Summer 2020 has been quite the disappointment so far, and still being stuck at home is tough. If you’re looking for something to lift your spirits, 2-21: Shrimp Salad probably isn’t going to do it. However, if you close your eyes while you’re eating it, maybe you can pretend you’re on the beach instead of your couch.
This salad features not one but TWO cream-based dressings, so you know it’s fancy. I recently covered 2-5: Caribbean Seafood Salad which also features a shrimp-based salad. However, that one includes apples, bananas, and asparagus, so this one might be a safer choice.
In these trying times (are you tired of hearing that yet?), it’s important to make the food you have go as far as you can, and to reduce the amount of food being wasted. Even before “the Rona“, I’ve been spending many a Saturday (or Sunday) meal-prepping for the upcoming week, which has brought down our grocery bills (and our waistlines, but apparently not as quickly).
7-31: Lime Cayenne Pork Chops was part of a “pork chop” meal-prep week, prepared in tandem with 7-53: Cider-Braised Pork Chops and served with some mixed roasted potatoes courtesy of the CSA box. It’s “meat and potatoes”, but maybe with a healthier twist?
My mom apparently made this back in November 1993, and it was “good” and “easy”. I’m not sure who ranked it as such (since she doesn’t eat pork), but we’ll go with that recommendation.
I’m working through a HUGE backlog right now, so you’re currently getting recipes that I cooked last fall–case in point, 7-53: Cider-Braised Pork Chops. This is more of a fall/autumn-type recipe (when fresh cider is in season), but don’t let that hold you back from your cider-braised, pork-scented dreams.
Believe it or not, 1-3: Melon with Smoked Turkey is one of my last few remaining Group 01: Hot and Cold Appetizers recipes left to cover. I’ve put this one off for a while because I’m not a big fan of melon (other than watermelons)–but when the weekly CSA box keeps bringing them to you, you have to do something with them.
Theirs looks super fancy–mine looks like a sloppy mess. I suppose if I were actually serving this for a party I would have tried harder. Melon + meat = appetizer isn’t a new equation–even Pillsbury has their own version. Most versions include prosciutto instead of turkey, which is the variant I’m more familiar with.
If you haven’t figured it out by now, there’s a bit of a lag between when I make these recipes and when I actually post about them. It helps me to reread the recipe to figure out what I’m doing in a lot of these photos. While rereading the recipe for 12-28: Tri-Color Risotto, I realized I didn’t even make it right.
That’s my first explanation for what happened here. My second is that I don’t like cooking rice in a pan–I’m spoiled by rice cookers.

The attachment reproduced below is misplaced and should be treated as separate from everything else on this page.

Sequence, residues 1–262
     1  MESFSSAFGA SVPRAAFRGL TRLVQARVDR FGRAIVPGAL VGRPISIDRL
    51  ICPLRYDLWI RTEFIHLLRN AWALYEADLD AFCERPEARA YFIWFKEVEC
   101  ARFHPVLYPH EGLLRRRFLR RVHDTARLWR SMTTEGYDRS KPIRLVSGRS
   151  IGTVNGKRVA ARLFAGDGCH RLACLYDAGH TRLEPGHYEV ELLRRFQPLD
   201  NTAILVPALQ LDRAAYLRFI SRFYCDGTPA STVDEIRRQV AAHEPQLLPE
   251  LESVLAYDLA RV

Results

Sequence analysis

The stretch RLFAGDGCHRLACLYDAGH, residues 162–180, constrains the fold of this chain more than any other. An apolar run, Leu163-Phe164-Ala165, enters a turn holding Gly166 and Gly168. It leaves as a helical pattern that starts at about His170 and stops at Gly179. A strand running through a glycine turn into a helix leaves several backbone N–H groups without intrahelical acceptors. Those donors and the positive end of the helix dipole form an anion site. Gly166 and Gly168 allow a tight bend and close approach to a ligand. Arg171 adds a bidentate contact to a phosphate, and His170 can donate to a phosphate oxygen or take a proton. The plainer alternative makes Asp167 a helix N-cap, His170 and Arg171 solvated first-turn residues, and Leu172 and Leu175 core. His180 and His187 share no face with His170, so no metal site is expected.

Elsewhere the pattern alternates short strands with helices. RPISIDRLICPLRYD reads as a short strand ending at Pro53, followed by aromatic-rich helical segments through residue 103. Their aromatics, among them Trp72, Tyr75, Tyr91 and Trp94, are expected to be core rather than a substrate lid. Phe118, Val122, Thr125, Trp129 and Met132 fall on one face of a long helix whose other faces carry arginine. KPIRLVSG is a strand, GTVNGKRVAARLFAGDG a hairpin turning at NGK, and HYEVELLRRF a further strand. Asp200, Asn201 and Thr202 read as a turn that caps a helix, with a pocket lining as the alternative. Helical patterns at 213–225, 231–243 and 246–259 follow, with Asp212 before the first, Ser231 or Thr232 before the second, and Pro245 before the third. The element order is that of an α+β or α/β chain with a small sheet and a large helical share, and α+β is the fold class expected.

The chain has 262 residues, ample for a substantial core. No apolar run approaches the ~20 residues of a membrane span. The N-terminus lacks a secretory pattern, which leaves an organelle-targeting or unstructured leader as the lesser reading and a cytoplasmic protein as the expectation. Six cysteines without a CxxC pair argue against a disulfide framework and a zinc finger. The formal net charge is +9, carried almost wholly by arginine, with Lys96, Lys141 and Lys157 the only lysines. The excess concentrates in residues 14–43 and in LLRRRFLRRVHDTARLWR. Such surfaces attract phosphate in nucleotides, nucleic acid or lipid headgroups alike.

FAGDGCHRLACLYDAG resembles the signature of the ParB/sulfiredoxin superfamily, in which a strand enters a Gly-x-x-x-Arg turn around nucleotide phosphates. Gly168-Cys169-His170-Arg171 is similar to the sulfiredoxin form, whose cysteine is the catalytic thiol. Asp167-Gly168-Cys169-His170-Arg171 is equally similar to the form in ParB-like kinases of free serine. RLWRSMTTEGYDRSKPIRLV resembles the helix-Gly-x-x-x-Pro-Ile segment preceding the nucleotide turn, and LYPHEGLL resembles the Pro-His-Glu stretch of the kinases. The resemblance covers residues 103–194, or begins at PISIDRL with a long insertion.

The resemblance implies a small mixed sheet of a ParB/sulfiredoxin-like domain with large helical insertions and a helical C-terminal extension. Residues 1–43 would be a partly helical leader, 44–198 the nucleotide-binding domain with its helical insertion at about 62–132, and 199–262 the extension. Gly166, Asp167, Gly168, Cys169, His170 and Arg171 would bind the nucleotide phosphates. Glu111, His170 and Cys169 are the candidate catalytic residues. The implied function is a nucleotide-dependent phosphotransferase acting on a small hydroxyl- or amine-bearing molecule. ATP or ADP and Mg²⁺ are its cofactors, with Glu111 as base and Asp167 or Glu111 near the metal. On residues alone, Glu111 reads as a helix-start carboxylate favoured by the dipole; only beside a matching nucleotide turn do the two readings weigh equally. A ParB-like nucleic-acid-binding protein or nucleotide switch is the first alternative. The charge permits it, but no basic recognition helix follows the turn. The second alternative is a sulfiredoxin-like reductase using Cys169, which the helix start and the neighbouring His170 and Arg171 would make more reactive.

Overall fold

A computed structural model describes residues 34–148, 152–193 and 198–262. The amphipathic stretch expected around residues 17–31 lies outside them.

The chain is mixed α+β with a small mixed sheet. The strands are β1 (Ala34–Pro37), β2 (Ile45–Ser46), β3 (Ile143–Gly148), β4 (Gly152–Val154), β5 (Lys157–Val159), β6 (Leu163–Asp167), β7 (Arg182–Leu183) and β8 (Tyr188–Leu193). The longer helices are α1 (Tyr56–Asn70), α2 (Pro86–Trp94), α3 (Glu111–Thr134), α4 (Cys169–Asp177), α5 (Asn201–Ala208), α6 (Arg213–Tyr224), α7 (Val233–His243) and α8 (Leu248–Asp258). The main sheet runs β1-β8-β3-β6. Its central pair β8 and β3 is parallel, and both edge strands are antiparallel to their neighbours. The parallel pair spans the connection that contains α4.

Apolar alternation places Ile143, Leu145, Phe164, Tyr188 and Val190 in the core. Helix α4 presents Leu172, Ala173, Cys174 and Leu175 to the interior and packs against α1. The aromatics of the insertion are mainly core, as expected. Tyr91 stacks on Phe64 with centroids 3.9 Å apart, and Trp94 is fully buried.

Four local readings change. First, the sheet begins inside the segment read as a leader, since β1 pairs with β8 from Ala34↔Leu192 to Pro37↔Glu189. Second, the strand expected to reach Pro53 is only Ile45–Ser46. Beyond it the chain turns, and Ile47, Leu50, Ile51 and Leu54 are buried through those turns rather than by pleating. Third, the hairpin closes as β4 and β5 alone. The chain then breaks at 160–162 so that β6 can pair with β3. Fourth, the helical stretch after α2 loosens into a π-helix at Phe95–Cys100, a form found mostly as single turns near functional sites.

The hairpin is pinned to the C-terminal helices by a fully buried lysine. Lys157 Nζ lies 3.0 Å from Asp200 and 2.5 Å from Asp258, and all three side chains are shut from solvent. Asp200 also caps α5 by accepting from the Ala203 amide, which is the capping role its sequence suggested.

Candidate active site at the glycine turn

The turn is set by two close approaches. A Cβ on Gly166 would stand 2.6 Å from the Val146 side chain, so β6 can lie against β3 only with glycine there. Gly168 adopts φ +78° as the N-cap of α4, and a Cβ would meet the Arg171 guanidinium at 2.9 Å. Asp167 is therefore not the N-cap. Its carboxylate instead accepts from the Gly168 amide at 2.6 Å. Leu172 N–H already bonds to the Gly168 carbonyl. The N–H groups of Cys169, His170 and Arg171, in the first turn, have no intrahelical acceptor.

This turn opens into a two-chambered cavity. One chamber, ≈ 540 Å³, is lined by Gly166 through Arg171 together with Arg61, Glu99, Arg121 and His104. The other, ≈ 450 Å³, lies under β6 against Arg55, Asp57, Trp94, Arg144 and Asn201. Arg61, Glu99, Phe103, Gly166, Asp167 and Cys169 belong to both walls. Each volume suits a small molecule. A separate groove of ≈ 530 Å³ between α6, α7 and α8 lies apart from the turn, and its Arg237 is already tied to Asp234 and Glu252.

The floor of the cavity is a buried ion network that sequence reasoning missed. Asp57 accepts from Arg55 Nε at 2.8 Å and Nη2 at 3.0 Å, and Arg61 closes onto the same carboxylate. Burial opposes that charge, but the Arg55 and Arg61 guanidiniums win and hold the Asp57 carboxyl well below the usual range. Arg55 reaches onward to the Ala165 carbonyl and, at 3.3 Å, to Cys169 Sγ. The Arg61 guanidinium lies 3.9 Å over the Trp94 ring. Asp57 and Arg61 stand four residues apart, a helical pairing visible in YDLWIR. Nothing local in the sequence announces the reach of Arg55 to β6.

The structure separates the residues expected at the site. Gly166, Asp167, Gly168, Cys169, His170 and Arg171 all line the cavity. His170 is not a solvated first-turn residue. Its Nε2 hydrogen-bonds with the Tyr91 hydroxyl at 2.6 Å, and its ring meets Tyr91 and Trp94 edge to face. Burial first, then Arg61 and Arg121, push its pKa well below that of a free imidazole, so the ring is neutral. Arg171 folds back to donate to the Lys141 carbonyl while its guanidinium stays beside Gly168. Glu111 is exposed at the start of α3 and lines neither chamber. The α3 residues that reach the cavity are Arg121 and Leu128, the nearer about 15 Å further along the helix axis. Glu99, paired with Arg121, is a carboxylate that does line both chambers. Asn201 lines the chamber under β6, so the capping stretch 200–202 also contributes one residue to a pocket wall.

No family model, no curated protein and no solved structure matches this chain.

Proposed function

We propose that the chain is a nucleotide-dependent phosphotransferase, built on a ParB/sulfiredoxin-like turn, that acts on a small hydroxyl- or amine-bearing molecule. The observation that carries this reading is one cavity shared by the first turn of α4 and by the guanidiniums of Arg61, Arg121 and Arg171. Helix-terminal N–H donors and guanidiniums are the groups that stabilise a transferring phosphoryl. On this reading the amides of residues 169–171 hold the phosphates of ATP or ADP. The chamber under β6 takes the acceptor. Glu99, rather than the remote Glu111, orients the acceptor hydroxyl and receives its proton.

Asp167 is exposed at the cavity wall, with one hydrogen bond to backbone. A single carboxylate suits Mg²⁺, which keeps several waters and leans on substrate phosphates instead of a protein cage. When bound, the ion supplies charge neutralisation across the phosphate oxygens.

15-23:Kiwi Mousse in Chocolate Cups is the final recipe from last year’s Mother’s Day (MD2019) AND the final recipe from this kitchen, which was the backdrop for this project for 5 of its 6 years (at the time of this writing) of existence. I made this in tandem with 15-10: Frozen Raspberry Desserts, since they both make use of chocolate cups and frozen fillings.
These ones didn’t turn out quite as well as their raspberry counterparts, but they made a nice contrast and provided some variety. Along with these two chocolate cup desserts, I also made 15-17: Summery Cantaloupe as part of my dessert offerings for Mother’s Day.
Cajun and Creole cooking are not something I’ve had a ton of experience with, so 7-21: Jambalaya is somewhat unfamiliar territory. I didn’t grow up eating a lot of New Orleans cuisine, other than my mother’s ill-fated attempt at making gumbo once.
It’s not a difficult recipe (quite the opposite, actually), but I don’t feel like I have a solid understanding of the difference between what makes it good and what makes it great. That’s something that comes with experience, both as a taster and as a creator.
I couldn’t have even told you that there are two types of jambalaya, Creole and Cajun. According to the all-knowing Wikipedia, the difference between the two is the absence or presence of tomatoes. Simply Delicious identifies this version as Creole, which is correct–that’s the version that has the tomatoes in it, which this one does. 🎺🍅
I looked around for similar types of recipes to confirm that this wasn’t just a Simply Delicious invention–and I really couldn’t find too many. There’s nothing wrong with battering beef and frying it–just don’t call it a beignet.
Yo. As I’ve said previously, I take breaks from this project when life gets in the way. This summer was BANANAS, and fall seems to be quickly passing me by as well. I haven’t given up on cooking and photographing recipes, but I seem to have dropped the ball on actually writing them up and posting them.
I made the first attempt to rectify this earlier today when I uploaded about 600 pictures from two memory cards that I’ve filled up since May of this year. I made the second when I set up all the folders to start organizing the pictures (we’re talking over 50 recipes here).
Here’s the third: a recipe I cooked back sometime in early 2019, 6-58: Chicken Pie with Puff Pastry. This has been in various draft stages since April, and I’m finally finishing it NOW. This isn’t even part of the memory card dump from today–that’s how far behind I am.
This is essentially chicken pot pie. I mean, how is it not? The major difference between this and Marie Callender’s is that this one only has pastry on top.
Looking for a quick, healthy breakfast option from Simply Delicious? 5-10: Scrambled Eggs with Tomatoes is from the 1980s, but actually holds up really well 30+ years later. Consider this the predecessor to avocado toast.
This version uses cottage cheese in the scrambled eggs (instead of milk, I assume). If you’re looking to cut calories (and fat) even further, skip the milk and butter altogether–according to the late Anthony Bourdain, you don’t need either for good scrambled eggs.